No diagrams needed: You don't have to draw a diagram for the Arab world to know what country invaded Iraq on March 19, 2003 -- against the wishes of every nation in the region -- and tried to justify the attack with a rationale that shifted each time the previous version was shown to be false.
There's a sense of hypocrisy that pervades the huffing and puffing by Bush administration officials as they rush to criticize Newsweek. Where was their outrage when they saw the photographs of the shameful mistreatment of the prisoners of war at the Abu Ghraib facility, with forced nudity, humiliation, sexual harassment, brutal interrogation and dogs?
After those shocking photos were published around the world, Rumsfeld banned cameras from military prisons.
Daoud Kuttab, a news media critic and professor in Bethlehem, referring to claims by former prisoners of Koran desecration, told The New York Times:
"Newsweek can recant as long as they want, but as long as people are coming out of prison and telling the same story, it will not matter."
Mistakes and deceit: Newsweek's bad mistake is very good news for the Bush administration. The commander-in-chief is playing editor-in-chief. Instead of answering questions about what is really happening in Iraq, the White House is asking what happened at Newsweek.
Newsweek published a mistake; get angry about that, if you like. But the Bush administration went to war over a mistake -- the alleged existence of WMD -- and a deception -- the never-proven link between Iraq and Sept. 11. So far, 1,623 American soldiers are dead and another 15,000 are wounded. Insurgents continue to slaughter Iraqis; nearly 500 have been killed since the April 28 announcement of a Shi'ite-dominated government.
There is still no obvious end game in Iraq, just the hope that somehow, over time, some version of democracy will win out over suicide bombers and religious fanatics. The course chosen by the Bush administration spawned anti-American sentiment around the world. And the Bush administration continues to deceive, as demonstrated by Rice's recent remarks.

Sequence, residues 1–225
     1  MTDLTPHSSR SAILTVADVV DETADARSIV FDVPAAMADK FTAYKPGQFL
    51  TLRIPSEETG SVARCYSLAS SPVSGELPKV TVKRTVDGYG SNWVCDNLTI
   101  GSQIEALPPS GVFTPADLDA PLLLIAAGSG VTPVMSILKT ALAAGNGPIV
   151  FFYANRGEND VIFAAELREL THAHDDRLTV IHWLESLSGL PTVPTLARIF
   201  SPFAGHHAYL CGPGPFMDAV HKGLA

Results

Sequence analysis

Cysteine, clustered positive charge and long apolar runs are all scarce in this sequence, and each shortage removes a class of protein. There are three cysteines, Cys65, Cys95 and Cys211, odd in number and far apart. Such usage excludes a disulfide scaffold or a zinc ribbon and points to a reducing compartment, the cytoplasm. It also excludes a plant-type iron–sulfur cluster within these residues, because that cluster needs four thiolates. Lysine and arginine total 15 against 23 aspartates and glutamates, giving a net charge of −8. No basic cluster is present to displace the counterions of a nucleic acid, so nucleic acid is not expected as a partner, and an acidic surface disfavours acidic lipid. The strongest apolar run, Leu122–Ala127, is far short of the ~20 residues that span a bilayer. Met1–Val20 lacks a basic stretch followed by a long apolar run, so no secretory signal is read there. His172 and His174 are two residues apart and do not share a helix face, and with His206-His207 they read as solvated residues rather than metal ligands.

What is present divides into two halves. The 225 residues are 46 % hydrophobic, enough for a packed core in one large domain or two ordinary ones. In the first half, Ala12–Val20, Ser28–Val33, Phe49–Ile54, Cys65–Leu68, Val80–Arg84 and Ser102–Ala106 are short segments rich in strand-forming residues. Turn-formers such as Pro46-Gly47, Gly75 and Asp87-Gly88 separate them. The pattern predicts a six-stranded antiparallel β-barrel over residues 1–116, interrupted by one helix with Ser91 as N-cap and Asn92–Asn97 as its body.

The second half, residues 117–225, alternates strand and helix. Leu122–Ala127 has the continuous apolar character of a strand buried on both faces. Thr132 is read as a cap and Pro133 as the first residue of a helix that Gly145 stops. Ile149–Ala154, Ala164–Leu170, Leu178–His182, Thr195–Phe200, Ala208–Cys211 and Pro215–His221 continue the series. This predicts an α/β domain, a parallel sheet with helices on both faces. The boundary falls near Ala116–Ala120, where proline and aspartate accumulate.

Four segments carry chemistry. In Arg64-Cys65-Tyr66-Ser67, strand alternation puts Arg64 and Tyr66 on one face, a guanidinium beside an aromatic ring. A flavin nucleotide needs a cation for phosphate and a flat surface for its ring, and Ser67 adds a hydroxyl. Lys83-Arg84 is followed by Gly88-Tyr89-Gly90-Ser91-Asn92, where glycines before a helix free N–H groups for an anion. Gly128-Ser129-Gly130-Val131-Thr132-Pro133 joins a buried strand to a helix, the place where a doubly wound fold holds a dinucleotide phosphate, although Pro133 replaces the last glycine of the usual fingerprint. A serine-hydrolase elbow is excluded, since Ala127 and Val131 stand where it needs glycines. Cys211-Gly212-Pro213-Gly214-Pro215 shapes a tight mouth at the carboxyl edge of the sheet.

In Baghdad, Rice said, ''Our children and our children's children will look back, and they will say, we are so grateful that there were Americans willing to sacrifice, so that the Middle East could be whole, and free and democratic and at peace. And that never again would we have to fight terrorists on our soil, in America."
Her expectation is pinned upon an administration's mistakes and deceit. The Bush legacy truly rests on whether the end, if it ever comes, justifies the means.
The central claim still stands: How did a short item in Newsweek reporting that U.S. interrogators had desecrated a Koran at Guantánamo Bay, Cuba, spark massive riots in several Muslim countries last week, leading to the deaths of least 16 people? And who, exactly, should bear the blame for these tragic events?
Certainly not Newsweek. The magazine eventually retracted and apologized for its story because it could not properly defend the particular point it had made - that the United States was investigating claims of desecration of the Koran at Guantánamo. But the central claim about desecration - which is what set off the riots - remains very much alive.